She flinched at mention of Wight, but of course he would know that she’d been to Centralia and been interviewed by the police about him. “Why? My grandmother was living on top of a disaster waiting to happen. If I’d known she existed sooner, I would have found a way to get her off that mountain years ago.”

“You need to look at the rest of those pictures,” Bitman said, tapping the table with an impatient finger.

Swallowing, she opened the file again, pushing the pictures of her father aside. There were both black and white and color photos of Centralia and the pit where she assumed her grandparents had burned the thing that had taken over her father’s body, her grandmother’s house aged in the photos until she came to images of the place as it had been when she finally went there herself, and an old portrait style picture of her grandmother and a man she assumed to be her grandfather. Without asking for permission, she set it aside. She doubted he’d had permission to take it from her family in the first place, and she had nothing at all to remember them by aside from the books her grandmother had given her. There were many pictures of her grandmother’s charms hanging from trees around the house and shadowy images taken through dirty windows. She finally got to the bottom of the folder and the most recent disaster to hit Centralia.

“Green,” she said without surprise when she saw the flames in the sinkhole where her ancestral home had been.

Bitman nodded. “You can see why we’ve decided to tip our hand by coming here.”

“No, I can’t,” she said stubbornly.

Bitman finally scowled, his grandfatherly expression dissipating like morning fog. “Don’t toy with me, girl. This thing has been taking our children for far too long. My s-…” he froze up for a moment before going on, but she had a good idea of what he’d been about to say. “If you have any idea of how to stop it, then you need tell me. Now.”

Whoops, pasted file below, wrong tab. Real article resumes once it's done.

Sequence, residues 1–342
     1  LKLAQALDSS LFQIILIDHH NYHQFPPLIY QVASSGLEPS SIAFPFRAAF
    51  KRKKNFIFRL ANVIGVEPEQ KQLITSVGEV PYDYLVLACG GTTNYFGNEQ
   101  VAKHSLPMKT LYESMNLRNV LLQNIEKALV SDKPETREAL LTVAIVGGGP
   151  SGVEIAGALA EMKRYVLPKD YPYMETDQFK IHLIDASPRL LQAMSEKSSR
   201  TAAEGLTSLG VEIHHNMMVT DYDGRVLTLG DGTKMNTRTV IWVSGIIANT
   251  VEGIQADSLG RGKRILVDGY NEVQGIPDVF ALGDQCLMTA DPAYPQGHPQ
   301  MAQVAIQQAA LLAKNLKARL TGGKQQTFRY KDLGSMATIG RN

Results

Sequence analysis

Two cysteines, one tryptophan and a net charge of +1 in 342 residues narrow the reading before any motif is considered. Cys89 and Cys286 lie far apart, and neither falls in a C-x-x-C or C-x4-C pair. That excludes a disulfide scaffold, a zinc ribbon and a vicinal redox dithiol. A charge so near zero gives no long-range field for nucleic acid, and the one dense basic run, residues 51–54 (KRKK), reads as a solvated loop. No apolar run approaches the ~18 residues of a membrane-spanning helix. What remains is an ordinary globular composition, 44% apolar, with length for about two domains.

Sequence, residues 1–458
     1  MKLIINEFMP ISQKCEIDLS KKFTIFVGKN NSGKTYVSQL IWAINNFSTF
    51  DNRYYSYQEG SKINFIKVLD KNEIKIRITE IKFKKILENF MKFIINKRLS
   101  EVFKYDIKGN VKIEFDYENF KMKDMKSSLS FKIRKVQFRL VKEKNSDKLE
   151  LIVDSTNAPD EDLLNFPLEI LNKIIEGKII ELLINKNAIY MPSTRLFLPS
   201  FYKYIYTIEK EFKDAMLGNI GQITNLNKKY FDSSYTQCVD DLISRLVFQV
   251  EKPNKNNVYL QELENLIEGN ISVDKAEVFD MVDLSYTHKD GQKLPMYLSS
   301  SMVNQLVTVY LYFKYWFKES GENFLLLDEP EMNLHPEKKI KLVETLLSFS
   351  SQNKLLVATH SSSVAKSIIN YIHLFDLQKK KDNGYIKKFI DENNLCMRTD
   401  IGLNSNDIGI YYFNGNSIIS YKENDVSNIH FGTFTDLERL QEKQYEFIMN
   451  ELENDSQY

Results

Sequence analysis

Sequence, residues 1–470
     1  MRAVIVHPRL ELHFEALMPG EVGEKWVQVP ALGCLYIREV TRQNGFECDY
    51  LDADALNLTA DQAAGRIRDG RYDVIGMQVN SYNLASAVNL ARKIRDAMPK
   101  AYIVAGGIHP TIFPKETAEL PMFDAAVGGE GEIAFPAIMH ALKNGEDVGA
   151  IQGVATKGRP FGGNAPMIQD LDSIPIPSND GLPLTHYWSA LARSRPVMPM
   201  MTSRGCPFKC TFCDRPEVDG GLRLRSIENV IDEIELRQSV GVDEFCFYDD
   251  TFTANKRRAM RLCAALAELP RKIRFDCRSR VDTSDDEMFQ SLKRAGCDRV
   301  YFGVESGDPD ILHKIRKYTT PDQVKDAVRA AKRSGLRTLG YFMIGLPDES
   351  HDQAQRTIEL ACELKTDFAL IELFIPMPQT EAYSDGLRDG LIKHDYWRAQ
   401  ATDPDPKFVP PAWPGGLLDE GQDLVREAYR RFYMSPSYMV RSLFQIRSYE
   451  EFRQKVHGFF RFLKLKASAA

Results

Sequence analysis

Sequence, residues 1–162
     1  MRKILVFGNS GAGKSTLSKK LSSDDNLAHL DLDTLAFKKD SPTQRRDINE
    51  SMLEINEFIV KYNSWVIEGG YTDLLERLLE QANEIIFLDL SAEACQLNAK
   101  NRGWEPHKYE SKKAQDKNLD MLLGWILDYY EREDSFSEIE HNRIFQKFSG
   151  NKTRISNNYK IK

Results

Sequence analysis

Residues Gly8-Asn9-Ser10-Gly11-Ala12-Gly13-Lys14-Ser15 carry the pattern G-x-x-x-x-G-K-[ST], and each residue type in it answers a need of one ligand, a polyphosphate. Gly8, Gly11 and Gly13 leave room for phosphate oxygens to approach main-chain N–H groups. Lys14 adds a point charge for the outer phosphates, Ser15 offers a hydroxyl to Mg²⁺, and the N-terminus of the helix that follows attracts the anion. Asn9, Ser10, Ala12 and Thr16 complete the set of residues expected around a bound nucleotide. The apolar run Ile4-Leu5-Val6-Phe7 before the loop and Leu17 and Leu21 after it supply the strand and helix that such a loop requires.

“I’m sorry. I don’t. Obviously what my grandparents did, didn’t work.”

“What exactly did they do?” he demanded, his body language betraying his eagerness.

She was silent for several seconds. “They bound it into him… my father, in the hope that it would be neutralized, but it obviously wasn’t. And the longer he carried it, the less that even meant in terms of what it could do. I’d like to think he was just a shell… at the end, but I know he wasn’t. He spoke to me.”

to Book 7, part 1, page 11

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2 Responses to “Tattoo Book 7 part 1.10”

  1. Alderin said

    Oh, goody, a secret government agency. 🙂

    Can’t wait for more, as always.

    *HUGS*

    “death of the unfortunate Mr. Wight, that we’ve has to” – had to

    “remember them by aside the books” – ‘aside from’? Though both may be correct.